Four short links: 20 Feb 2009

Accessibility, trails, Pacman, and power today. Have a fun weekend!

  1. Social Accessibility Project — clever IBM approach to solving web accessibility problems: a sidebar for Firefox that lets people with assistive devices like screenreaders say “hey, I had this problem with this page”, and a crowd will help fix it. (via Derek Featherstone‘s Webstock talk, notes here)
  2. Why I Want a Million Quid (mySociety) — Tom’s onto something. I am hooked by this vision of “systems where each person who is helped to solve a problem leaves a trail of advice, contacts, insider information and new user-friendly web services behind them”. We’re used to the data people leave behind being discrete and implicit (another purchase for the recommendation engine) rather than longitudinal and explicit (people who looked at this item eventually went on to find their answer here).
  3. The PacMan Dossier — everything there is to know about Pacman, from designer Toru Iwatani’s inspiration and design process, through to the logic errors behind bugs and why it’s better to move the joystick before you reach the turn. (via Grand Text Auto)
  4. Two Stanford Students Rethink the Light Switch — a power switch with a network connection and tactile feedback: teh awesome.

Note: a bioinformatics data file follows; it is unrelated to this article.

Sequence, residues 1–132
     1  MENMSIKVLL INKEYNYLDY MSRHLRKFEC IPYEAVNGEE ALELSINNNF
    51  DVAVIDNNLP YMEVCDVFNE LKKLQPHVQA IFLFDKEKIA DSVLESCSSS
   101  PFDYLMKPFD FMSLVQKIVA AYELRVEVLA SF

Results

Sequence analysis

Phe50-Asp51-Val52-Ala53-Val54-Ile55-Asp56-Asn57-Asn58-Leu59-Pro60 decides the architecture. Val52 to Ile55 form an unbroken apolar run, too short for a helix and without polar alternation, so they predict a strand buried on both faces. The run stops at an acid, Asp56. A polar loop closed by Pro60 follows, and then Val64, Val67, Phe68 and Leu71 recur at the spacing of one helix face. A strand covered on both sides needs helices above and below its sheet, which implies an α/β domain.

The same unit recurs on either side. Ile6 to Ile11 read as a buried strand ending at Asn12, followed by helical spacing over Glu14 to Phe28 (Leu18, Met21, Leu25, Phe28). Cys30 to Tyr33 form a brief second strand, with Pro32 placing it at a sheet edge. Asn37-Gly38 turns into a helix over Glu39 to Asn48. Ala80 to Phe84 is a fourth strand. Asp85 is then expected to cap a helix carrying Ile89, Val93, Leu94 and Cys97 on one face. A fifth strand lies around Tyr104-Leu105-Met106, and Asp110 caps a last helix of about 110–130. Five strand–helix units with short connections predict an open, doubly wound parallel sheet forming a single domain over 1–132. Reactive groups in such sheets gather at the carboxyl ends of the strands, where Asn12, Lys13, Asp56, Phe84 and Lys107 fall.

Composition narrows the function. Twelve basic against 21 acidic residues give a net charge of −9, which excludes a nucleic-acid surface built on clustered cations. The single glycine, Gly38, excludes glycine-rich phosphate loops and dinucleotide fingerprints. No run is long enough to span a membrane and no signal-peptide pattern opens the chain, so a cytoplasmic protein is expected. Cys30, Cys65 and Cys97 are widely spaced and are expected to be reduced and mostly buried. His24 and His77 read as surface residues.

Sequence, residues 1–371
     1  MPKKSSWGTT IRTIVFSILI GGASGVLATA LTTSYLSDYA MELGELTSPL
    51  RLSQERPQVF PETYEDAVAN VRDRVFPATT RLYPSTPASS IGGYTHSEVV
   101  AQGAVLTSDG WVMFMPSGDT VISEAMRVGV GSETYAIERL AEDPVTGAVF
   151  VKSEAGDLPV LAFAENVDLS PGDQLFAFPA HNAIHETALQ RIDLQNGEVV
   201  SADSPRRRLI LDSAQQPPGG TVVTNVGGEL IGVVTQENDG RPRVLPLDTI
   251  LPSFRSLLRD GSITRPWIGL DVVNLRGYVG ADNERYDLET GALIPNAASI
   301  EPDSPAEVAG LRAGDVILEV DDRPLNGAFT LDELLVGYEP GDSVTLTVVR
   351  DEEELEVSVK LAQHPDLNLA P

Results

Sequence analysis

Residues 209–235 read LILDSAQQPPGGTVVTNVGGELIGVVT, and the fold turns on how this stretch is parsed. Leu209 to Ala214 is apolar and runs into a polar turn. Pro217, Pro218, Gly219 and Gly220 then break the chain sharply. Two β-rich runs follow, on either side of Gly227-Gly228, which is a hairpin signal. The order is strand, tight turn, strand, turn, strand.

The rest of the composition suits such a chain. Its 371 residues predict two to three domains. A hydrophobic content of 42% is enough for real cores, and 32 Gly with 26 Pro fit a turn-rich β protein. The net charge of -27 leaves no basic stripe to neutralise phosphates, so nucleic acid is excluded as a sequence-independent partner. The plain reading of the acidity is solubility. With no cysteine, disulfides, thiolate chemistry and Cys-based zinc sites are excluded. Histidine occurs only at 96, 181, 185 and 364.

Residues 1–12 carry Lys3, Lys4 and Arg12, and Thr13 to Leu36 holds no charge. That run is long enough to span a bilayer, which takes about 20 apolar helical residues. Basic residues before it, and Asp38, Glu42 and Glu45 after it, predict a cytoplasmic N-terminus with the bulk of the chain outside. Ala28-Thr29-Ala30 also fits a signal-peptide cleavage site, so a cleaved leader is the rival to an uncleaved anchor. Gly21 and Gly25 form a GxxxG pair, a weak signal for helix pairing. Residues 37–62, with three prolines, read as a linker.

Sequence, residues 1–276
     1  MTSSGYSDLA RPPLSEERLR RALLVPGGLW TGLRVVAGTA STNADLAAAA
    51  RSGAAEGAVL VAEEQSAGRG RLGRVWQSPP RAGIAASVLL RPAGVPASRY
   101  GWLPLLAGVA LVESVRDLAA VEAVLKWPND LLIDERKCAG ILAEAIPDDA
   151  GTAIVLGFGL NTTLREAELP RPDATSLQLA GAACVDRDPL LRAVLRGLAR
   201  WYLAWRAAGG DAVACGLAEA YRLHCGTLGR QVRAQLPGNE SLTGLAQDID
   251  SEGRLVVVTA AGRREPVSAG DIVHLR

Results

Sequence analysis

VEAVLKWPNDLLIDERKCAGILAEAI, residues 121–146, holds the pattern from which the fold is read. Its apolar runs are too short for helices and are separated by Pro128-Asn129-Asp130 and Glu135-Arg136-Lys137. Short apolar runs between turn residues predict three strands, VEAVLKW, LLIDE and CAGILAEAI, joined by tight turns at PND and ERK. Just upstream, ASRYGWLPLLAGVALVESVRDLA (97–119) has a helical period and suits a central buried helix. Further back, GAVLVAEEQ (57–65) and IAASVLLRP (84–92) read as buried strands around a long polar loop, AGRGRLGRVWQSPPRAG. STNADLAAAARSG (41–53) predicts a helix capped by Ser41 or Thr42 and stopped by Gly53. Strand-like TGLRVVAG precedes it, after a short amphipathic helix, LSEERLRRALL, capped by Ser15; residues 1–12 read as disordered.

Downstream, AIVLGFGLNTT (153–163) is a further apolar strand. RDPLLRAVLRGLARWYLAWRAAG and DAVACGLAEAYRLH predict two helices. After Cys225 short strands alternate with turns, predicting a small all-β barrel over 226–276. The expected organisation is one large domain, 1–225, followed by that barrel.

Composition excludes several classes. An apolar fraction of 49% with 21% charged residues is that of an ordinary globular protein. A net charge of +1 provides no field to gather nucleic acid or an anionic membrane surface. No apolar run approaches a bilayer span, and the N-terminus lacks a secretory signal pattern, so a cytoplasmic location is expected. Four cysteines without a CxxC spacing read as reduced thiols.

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  • The million quid thing is on the right track but names too low a number were I to parrot it.

    Hey, Tim: money — mouth — these things should be in close proximity. Oh, and you should get the tech right.

    On the whole concept of “alpha geeks” well:

    don’t be one of the turds depicted there.


  • @Tom: That comment, implying that Tim’s a turd and doesn’t put his money where his mouth is, makes you come across as a hater. Let’s lift the quality of comment here, okay? Whatever you want to happen, sounding that much like a confrontational ass isn’t going to make it happen.

  • Gnat, how about instead we just each speak in our own way, ok?


  • Steve

    I usually enjoy your links from this segment, this is no exception. The light switch one is intriguing. Although the execution there could use some refinement, they are certainly on to something. Another great link that coincides with expansion and utilization of data is justaskgemalto, a digital security head quarters so to speak.

  • aram

    Liked the Pac Man article. Simple algorithms that lead to complex seeming behaviors. Its also interesting to compare the old “guides” advice to the algorithms now that the source code is out. (which ghosts are more aggresive and the whole speed change issues)

    Good stuff.

  • Thanks for covering this. As well as being a Nudge SmartSwitch is also a good example of Persuasive Technology – a discourse (also coming from Stanford) that shows how insights from psychology can be deployed via bits of technology. I’ve written a short post about how SmartSwitch fits into this discipline if any of your readers are interested: